Only 2% of rapist are convicted and sent to prison in the US.

    Is the problem worse in the military than every day civilian life? Is this truly an epidemic in the military or is it a reflection of American society as a whole?

  • Patty O’Day

    I was in the Air Force for 8 years. When I joined up, women only made up 2% of the Military. There were thousands and thousands of men for every woman.

    While I was in, I only remember 2 women who reported that they had been raped. Both women lived in the barracks that I lived in. (In those days women did not share barracks with men.) I actually was the person that opened the door and found one of the women, naked, tied to the bed.

    I was furious when the Security people asked if this girl dressed in a provacative way. Those idiot Security guys were pretty stupid to ask questions like that in a women’s barracks. Believe me, they got an earful, and not just from me.

    After an investigation, it was discovered that both women faked their rape. One cut herself with razors and said she had been stabbed, and the other managed to tie herself up. In our shock of finding her naked in bed like that, we did not notice that one of the hands just had the scarves wrapped around the bedpost instead of tied.

    Both women faked their rape because they wanted to get out of the service. Eventually they both got out, but with less than honorable dischages I suppose, and only after causing a lot of damage to all the other women in the service. Now it would be even more difficult for men to believe when a women actually was raped.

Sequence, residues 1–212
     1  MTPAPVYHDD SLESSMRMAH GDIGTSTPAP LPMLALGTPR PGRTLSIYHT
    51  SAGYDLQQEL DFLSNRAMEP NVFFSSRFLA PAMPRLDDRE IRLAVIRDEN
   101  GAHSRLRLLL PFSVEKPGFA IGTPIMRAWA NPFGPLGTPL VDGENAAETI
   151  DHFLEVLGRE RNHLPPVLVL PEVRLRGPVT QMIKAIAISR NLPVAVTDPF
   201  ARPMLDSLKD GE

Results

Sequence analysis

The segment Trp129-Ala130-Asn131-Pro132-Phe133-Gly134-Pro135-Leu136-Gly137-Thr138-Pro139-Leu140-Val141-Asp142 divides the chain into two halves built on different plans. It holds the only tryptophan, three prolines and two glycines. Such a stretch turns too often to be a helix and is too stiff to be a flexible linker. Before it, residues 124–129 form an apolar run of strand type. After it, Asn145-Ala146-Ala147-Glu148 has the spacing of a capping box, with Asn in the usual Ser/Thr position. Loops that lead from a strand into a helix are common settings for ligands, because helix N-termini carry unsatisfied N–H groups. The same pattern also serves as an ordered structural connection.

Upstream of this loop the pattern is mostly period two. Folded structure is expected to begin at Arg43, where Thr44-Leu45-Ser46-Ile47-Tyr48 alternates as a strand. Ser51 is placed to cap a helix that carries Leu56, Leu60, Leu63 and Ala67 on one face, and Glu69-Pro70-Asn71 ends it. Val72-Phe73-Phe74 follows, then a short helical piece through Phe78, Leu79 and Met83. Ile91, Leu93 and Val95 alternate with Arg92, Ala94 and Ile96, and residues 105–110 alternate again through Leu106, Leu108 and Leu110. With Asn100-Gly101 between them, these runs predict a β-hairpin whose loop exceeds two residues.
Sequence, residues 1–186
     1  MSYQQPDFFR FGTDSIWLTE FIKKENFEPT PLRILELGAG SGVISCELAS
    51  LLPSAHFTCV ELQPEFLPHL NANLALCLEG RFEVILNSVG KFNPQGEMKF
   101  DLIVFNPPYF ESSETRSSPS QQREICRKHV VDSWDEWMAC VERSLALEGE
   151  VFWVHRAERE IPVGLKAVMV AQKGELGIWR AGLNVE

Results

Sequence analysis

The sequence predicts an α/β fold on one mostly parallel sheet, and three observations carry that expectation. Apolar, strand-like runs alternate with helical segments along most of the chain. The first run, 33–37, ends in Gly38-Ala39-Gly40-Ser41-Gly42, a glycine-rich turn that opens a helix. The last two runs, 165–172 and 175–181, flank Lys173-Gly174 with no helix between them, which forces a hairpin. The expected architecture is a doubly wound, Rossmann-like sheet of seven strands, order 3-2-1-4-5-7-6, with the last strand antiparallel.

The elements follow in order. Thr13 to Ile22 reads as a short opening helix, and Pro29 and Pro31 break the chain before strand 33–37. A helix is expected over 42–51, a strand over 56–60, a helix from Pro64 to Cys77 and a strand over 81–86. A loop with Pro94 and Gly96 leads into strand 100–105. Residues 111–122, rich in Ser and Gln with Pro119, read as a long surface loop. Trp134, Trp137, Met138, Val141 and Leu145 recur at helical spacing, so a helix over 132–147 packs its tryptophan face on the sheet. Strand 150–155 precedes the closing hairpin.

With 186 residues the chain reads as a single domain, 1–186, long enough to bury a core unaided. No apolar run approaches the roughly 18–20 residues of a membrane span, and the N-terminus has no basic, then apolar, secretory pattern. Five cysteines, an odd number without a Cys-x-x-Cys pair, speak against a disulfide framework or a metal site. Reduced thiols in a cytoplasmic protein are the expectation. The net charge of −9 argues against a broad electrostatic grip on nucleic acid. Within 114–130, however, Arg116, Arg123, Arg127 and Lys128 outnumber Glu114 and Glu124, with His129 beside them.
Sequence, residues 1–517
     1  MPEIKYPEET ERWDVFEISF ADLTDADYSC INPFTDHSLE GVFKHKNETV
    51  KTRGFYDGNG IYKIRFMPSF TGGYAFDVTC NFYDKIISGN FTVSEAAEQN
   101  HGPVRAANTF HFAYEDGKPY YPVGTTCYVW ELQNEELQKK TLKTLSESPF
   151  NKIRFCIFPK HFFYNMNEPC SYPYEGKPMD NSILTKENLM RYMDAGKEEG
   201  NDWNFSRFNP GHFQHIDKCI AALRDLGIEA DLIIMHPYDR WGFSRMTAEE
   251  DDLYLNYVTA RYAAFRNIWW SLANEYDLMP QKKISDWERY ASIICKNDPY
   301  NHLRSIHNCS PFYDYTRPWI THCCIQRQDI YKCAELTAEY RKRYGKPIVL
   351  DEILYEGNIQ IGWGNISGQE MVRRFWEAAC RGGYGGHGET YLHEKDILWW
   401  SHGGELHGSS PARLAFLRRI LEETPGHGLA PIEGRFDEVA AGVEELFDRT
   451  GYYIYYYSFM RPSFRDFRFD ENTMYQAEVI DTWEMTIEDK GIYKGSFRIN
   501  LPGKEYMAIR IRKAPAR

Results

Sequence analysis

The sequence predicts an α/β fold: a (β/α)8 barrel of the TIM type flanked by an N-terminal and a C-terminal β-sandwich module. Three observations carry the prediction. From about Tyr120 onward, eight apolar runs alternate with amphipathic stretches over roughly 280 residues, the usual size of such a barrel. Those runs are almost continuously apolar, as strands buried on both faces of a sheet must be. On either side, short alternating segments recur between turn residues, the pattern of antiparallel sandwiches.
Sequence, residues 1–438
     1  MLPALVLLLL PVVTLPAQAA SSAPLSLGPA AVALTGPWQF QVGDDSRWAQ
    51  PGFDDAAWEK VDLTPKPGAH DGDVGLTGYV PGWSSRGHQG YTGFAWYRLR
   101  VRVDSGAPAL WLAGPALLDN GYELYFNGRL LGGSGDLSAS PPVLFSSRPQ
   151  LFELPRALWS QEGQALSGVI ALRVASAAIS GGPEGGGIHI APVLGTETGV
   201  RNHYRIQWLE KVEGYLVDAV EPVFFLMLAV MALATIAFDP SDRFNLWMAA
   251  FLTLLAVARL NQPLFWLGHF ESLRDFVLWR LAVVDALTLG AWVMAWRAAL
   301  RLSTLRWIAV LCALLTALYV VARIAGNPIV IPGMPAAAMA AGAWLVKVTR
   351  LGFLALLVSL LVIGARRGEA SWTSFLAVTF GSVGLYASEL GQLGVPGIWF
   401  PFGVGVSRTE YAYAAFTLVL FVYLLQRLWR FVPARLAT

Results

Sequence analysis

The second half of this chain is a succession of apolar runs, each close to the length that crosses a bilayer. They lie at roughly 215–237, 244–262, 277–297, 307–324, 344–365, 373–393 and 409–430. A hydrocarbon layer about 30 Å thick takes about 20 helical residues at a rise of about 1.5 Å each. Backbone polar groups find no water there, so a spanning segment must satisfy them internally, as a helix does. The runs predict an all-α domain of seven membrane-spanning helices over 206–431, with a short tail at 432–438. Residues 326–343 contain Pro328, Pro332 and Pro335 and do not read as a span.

Having said all that, I want you to know that I believe that Sgt. Havrilla was raped. It is awful that this happened to her. Her treatment by the authorities was hideous, and there is no excuse for that.

    But….., I always felt much safer on every base that I was stationed at, than I ever do walking around in pretty much any city in the world. I am not saying there is no crime on bases, but the % of crime, and the violence of the crimes is so much less than in the civilian world.

    On another note, when I was in, if my supervisor had patted me on the butt like hers did, he would be feeling some pain in another part of his body. (If you know what I mean!) No man has the right to touch me unless I allow it. No man has the right to talk to me in a sexual manner unless I invite him to.

    And guess what? Sure, men said innapropriate things to me from time to time, (remember, I was 20 something at the time, and not too bad to look at), but I was never abused and nobody ever crossed the line with me. It was because I carried myself with confidence, and I let them know in no uncertain terms when they came close to crossing the line.